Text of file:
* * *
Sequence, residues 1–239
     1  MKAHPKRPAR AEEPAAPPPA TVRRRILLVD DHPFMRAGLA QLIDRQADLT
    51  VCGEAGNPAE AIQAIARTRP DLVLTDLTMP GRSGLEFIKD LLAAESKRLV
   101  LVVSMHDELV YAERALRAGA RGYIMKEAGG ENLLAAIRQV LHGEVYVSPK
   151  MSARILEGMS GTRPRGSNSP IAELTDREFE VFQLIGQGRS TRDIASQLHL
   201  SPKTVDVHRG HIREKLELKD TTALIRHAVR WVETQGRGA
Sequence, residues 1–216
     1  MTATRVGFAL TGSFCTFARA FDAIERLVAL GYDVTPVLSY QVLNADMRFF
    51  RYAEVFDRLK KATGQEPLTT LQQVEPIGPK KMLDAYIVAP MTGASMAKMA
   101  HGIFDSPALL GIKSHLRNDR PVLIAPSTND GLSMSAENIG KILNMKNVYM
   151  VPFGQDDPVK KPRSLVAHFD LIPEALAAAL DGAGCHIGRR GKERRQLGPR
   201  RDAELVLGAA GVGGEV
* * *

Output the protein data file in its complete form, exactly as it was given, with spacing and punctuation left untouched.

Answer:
Sequence, residues 1–239
     1  MKAHPKRPAR AEEPAAPPPA TVRRRILLVD DHPFMRAGLA QLIDRQADLT
    51  VCGEAGNPAE AIQAIARTRP DLVLTDLTMP GRSGLEFIKD LLAAESKRLV
   101  LVVSMHDELV YAERALRAGA RGYIMKEAGG ENLLAAIRQV LHGEVYVSPK
   151  MSARILEGMS GTRPRGSNSP IAELTDREFE VFQLIGQGRS TRDIASQLHL
   201  SPKTVDVHRG HIREKLELKD TTALIRHAVR WVETQGRGA
Sequence, residues 1–216
     1  MTATRVGFAL TGSFCTFARA FDAIERLVAL GYDVTPVLSY QVLNADMRFF
    51  RYAEVFDRLK KATGQEPLTT LQQVEPIGPK KMLDAYIVAP MTGASMAKMA
   101  HGIFDSPALL GIKSHLRNDR PVLIAPSTND GLSMSAENIG KILNMKNVYM
   151  VPFGQDDPVK KPRSLVAHFD LIPEALAAAL DGAGCHIGRR GKERRQLGPR
   201  RDAELVLGAA GVGGEV